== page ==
When metals form ions, they give away one or more electrons. Some metals, such as lithium or sodium, lose their electrons very easily. Other metals, for example silver or gold do not give away electrons easily. The electrochemical series is a list of metals arranged in order of how easily the metal atoms lose electrons.
When metals give away their electrons, they do so with a certain force. This force is measured in volts. When two different metals are connected together in a cell, the metal with the higher force pushes its electrons on to the other metal. The image below shows what happens in a cell that is made from magnesium and copper in a beaker of ammonium chloride solution.
The two metals produce an electric current. Magnesium is higher up the electrochemical series than copper, so the magnesium can push away its electrons more strongly than copper. Electrons flow along the wires and through the voltmeter from the magnesium to the copper.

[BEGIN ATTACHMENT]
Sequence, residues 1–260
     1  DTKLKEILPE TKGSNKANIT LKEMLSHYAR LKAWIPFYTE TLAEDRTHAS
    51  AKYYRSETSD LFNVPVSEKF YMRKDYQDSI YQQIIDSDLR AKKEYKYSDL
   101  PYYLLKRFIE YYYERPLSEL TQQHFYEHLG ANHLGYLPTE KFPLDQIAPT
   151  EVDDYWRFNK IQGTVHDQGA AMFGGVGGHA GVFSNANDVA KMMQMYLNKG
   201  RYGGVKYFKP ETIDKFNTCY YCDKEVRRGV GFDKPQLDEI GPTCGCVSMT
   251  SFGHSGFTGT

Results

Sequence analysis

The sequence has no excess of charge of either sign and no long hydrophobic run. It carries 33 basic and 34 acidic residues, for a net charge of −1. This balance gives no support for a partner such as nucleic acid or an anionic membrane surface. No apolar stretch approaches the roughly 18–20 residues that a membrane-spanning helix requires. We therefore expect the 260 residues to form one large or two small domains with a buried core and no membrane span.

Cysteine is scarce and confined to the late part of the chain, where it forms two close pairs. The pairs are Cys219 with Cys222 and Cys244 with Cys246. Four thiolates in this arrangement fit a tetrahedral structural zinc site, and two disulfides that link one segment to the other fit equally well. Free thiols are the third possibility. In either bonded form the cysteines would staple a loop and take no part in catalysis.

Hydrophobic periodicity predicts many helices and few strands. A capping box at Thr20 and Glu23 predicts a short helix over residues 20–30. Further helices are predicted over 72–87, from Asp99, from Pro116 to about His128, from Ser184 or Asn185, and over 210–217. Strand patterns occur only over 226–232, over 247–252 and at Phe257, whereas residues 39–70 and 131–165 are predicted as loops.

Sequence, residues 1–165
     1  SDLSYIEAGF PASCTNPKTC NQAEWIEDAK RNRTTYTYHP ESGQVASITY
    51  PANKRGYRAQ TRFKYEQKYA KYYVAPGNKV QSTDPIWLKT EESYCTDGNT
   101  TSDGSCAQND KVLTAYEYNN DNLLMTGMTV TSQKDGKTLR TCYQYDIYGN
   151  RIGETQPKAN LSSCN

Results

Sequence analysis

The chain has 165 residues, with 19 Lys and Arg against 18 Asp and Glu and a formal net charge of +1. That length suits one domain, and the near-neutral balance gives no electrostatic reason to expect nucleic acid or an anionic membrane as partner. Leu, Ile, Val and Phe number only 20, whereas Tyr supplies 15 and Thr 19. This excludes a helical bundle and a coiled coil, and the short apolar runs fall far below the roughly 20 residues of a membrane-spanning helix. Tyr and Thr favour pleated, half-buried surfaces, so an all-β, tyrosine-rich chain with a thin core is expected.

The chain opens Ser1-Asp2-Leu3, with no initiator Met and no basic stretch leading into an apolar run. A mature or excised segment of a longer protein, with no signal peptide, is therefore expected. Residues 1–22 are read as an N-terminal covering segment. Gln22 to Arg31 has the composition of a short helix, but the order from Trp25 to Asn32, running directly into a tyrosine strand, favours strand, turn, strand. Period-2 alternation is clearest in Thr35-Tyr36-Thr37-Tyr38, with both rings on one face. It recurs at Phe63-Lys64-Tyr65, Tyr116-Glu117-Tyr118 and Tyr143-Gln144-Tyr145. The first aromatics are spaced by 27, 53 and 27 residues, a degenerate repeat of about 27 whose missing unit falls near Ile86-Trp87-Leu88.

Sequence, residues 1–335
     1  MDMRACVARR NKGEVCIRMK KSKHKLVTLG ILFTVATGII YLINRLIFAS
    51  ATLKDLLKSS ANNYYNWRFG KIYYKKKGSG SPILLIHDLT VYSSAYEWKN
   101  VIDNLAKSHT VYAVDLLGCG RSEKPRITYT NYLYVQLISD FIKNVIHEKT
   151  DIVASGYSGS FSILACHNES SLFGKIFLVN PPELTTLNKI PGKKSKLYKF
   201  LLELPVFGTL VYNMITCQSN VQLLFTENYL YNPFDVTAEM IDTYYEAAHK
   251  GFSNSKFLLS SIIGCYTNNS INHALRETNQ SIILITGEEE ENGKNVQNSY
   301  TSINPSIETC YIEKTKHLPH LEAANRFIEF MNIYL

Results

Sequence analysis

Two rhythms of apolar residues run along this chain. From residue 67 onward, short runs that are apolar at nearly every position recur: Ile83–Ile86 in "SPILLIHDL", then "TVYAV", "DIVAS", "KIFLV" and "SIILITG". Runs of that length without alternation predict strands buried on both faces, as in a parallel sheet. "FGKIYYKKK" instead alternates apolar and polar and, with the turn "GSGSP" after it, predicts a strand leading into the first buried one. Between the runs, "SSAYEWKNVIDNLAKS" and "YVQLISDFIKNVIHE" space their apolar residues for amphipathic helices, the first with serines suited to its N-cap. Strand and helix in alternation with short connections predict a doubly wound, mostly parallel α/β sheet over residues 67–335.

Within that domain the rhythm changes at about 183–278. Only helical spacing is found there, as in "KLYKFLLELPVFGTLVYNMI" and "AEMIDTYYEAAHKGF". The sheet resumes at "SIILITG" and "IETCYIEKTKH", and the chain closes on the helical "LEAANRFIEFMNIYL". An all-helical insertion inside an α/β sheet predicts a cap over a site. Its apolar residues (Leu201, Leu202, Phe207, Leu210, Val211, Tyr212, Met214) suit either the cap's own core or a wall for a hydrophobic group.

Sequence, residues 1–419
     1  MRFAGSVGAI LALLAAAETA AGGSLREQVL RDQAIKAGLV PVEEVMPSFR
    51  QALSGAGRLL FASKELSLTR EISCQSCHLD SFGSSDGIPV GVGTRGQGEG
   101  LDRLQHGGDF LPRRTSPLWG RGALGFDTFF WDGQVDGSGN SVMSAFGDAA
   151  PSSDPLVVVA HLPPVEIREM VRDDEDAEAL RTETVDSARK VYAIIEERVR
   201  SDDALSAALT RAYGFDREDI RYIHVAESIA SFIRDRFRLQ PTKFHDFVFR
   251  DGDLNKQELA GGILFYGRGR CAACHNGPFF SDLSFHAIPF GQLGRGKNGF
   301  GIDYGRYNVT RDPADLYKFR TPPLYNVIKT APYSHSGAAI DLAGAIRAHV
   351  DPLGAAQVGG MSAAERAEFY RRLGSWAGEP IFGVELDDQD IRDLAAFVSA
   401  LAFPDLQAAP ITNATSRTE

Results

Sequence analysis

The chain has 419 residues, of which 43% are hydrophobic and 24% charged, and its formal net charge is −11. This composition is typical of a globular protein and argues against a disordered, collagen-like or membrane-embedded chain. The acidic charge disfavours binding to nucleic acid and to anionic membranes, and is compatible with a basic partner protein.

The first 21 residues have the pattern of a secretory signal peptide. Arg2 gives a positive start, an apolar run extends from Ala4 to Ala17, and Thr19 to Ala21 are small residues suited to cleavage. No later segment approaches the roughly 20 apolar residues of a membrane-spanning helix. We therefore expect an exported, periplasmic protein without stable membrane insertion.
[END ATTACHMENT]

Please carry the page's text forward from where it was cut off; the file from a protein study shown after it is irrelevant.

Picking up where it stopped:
The voltmeter measures the force that pushes the electrons through the wires. If you replaced the magnesium in this cell with other metals you would obtain different voltage readings. By arranging the metals in order of their voltage readings, you can build up the electrochemical series.
The further apart the metals are in the electrochemical series, the higher the voltage. Electrons flow along the wire from the metal higher in the electrochemical series to the metal lower down.
To understand how electricity is made from pairs of metals the following points must be understood: